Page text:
Many moons ago, there was a big online debate about ghost blogging: Should we do it or not?
I fall in the camp of yes for several reasons:
- Executives are busy and, while blogging is a great way to develop though leadership, they don’t necessarily need to write the first draft.
- Blogging is not an easy endeavor and, while most executives are highly talented, this takes a special skill.
- Not everyone enjoys writing and we all know if you don’t enjoy it, you’re eventually not going to do it.
- POTUS doesn’t write his own speeches. I know that’s not the same as blogging, but it is content development.
Heck, even I have a ghost writer. She always writes the first drafts and then I add my voice, make a few changes, and make sure it’s a thought I am completely behind.
She doesn’t write the Spin Sucks posts, but she does give me a first draft of nearly every guest blog post I contribute.
The big difference in our arrangement, however, is I spend time with the draft before it’s submitted.
And that’s not always the case.
What Is Executive Thought Leadership?
I’ve had an ongoing conversation with a friend on this exact topic for a few months now.
Just yesterday, she said to me:
Is it executive thought leadership when all the thoughts come from the writer who has never spoken to the leader whose name goes on it? When you don’t even get bullet points or a few notes to start? When the executive doesn’t review the content before it’s published?
No. It’s not.
You cannot be a thought leader if the thoughts are not your own.
And that is the difference.
What she’s talking about is content creation on behalf of an individual or organization…and I don’t see anything wrong with that.
Of course, there are exceptions and I’m not naive enough to think it doesn’t happen.
Content Has Many Different Purposes
Heck, we write a blog for an executive who, I am fairly certain, has never even looked at it.
He tells me all the time how many compliments he gets on it and yet…
We’ve tried to get him to review the content before it’s published. We’ve tried to get him to publish to Pulse. We’ve tried to get him to engage with readers.
He won’t do it.
So, rather than call it executive thought leadership, we use it for search engine optimization purposes (and it works really, really well for that).
It doesn’t have many readers and it never gets any comments, but it does do really well for organic search.
But when he talks about how he wants to be known in his city for a particular topic, I always talk him through why that will never happen without his involvement.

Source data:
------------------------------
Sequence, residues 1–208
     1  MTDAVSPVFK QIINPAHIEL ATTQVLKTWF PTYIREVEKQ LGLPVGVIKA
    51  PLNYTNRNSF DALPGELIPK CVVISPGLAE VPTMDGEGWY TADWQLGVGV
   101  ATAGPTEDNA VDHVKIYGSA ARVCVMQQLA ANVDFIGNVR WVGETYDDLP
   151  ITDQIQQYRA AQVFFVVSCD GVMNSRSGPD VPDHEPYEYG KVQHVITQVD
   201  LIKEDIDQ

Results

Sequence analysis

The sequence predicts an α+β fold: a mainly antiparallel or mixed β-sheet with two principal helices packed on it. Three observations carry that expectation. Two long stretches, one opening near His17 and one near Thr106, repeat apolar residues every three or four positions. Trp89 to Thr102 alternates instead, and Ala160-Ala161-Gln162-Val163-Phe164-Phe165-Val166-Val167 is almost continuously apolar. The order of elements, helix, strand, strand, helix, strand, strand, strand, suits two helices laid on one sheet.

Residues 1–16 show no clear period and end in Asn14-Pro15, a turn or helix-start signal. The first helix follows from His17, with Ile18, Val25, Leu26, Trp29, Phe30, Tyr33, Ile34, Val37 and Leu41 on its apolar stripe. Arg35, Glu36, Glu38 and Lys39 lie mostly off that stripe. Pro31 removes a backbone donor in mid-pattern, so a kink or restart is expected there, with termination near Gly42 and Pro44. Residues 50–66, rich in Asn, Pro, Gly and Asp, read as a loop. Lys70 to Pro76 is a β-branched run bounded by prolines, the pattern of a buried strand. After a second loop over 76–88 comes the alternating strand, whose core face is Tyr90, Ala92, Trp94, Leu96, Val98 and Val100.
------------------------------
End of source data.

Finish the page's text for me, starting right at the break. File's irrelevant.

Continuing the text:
It’s impossible to know what a person thinks without their participation (as much as we try to be mind readers).
How We Can Help an Executive Become a Thought Leader
There are certainly lots of ways you can help with executive thought leadership:
- Give them outlines and topics.
- Scour LinkedIn groups for ideas.
- Subscribe to and read SmartBrief and Talkwalker Alerts for them.
- Subscribe to and read Pulse and Medium for industry news.
- We read the stuff they’ve produced in the past (some have books so that makes it really easy).
- We take sales presentations and build insights from those.
- We interview the executive to get their thoughts recorded.
Once topics are agreed upon, you can create the content, add visuals, optimize it, tag and categorize it, and then ask the client to read and approve it.
In many instances, the executive will change a few things, tweak the voice, and add different images, but there are also a few voices you may have down so well that those changes aren’t necessary.
Not Everything Can Be Outsourced
All of this said, there is one thing that shouldn’t be outsourced and that is having someone else respond to readers as if they are the executive whose byline is on the piece.
If the piece is produced by a named human being, they should be the one to answer comments and engage in discussion.
They should be the one to spend time on the social networks where their readers hang out.
Imagine if you were a reader and you left a comment and the person responded…and later you learned it wasn’t the person at all, but someone on his or her team.
Talk about trust being flushed down the toilet in just an instant. No one wants that so let’s not do it.
Of course I would love it if every executive who sees value in blogging did it themselves, but I know that’s not the world in which we live.
Most executives won’t ever have the time or expertise to use most marketing tools themselves, let alone blogging.
It’s our jobs to help them grow their businesses and, if blogging works, why wouldn’t we use that tool?
As long as there are some rules and parameters set—and the executive participates in a way that the content does become them—I say go forth and prosper!
But call a spade a spade and, if the content creation happens as my friend describes above, it’s not executive thought leadership. It’s content creation for a different purpose.
What say you?
image credit: shutterstock